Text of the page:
Nothing says summer like spending time at a beach. Unfortunately, it is not usually possible to take kids to a beach during a session. This doesn’t mean that you can’t have a fun beach day. Think outside of the box and bring the beach to you. Bring in beach items from home and create your own beach for everyone to enjoy. It’s also a great time to check in with families to see if anyone has ties to beaches. Perhaps they have lived by the ocean, or come from another country which has beaches that they went to. This is a great way to incorporate individuals from multilingual families.
Before kids arrive, transform a space into a beach area. Put a giant beach blanket onto the ground. Bring some sand in a sensory box which is big enough for everyone to get their hands into it. Toss in some shovels, pails, and other sand toys. Inflate several beach balls and put them around the space. When the kids arrive for sessions, invite them to sit down on the blanket and relax.
Take some time to read some books to share with the kids about the topic. This is the perfect introduction to check in with them to see if they have been to a beach, and how many times. Some books which will work well with this subject include:
- Duck & Goose Go to the Beach by Tad Hills
- Curious George Goes to the Beach by H. A. Rey
- Pete the Cat: Pete at the Beach by James Dean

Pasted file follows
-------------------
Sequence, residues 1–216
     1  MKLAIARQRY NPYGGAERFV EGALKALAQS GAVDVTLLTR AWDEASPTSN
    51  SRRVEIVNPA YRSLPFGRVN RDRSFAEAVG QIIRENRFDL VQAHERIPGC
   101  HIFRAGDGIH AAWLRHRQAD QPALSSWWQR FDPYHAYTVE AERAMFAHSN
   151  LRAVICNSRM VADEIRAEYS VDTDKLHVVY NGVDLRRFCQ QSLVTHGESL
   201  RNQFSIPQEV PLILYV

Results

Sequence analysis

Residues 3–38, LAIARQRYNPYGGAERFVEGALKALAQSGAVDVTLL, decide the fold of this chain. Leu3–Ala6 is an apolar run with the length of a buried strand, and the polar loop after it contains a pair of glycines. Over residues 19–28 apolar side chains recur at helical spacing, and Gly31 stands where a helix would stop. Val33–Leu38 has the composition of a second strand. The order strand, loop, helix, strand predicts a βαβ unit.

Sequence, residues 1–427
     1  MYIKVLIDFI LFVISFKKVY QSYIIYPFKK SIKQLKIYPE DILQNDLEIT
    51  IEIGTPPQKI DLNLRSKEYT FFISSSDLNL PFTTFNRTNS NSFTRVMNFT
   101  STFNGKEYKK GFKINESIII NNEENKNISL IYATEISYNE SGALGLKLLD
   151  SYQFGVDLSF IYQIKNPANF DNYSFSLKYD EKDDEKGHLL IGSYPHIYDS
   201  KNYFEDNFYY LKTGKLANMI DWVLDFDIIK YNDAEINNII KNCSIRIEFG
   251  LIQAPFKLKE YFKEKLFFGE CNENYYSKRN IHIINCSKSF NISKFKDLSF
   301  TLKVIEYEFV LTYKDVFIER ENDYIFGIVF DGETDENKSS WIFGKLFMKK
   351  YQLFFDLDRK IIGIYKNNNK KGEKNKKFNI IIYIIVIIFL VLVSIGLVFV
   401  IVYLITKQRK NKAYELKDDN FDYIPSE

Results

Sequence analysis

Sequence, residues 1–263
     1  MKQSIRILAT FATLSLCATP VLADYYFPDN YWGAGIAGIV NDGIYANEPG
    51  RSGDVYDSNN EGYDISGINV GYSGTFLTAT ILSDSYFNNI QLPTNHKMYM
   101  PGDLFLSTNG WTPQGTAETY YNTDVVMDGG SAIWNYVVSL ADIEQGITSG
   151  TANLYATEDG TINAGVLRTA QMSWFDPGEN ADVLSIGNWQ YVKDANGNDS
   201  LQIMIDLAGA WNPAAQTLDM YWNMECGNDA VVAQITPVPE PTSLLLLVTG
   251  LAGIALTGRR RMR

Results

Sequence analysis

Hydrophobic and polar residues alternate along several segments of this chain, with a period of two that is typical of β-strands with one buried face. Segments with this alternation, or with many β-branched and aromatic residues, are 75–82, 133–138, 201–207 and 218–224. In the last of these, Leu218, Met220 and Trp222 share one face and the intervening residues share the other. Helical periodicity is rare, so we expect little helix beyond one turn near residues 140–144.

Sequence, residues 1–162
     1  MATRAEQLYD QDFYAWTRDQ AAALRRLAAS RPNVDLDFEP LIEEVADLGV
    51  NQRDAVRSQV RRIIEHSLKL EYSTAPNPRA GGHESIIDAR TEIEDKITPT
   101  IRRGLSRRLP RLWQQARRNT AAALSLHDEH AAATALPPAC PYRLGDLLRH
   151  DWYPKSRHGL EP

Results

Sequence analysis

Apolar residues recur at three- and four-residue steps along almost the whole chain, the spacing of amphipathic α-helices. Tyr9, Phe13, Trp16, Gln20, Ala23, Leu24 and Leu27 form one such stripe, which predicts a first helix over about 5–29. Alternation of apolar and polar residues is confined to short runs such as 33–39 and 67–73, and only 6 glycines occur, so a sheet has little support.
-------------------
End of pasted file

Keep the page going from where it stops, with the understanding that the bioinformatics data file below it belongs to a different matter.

- There Was an Old Lady Who Swallowed a Shell by Lucille Colandro
- Beach Day by Karen Roosa
- Miranda’s Beach Day by Holly Keller
- The Sand Castle Contest by Robert Munsch
- Beach Party! by Harriet Ziefert and Simms Taback
A great extension after reading is to have a search party in the sand. Have a container of toys that can get hidden in the sand for everyone to dig out. This will help with strengthening skills like teamwork, taking turns, and following instructions. In addition to this, using different tools to dig through the sand will help fine motor goals. For children working on speech and language skills, practice using the item found in a creative sentence.
Therapists can also take time to chat with students about life experiences at the beach. Do they have a favorite memory? When and where do they usually go? Do they prefer to play in the sand or water? Tie in any photos or special items that families may have seen in about their beach experiences.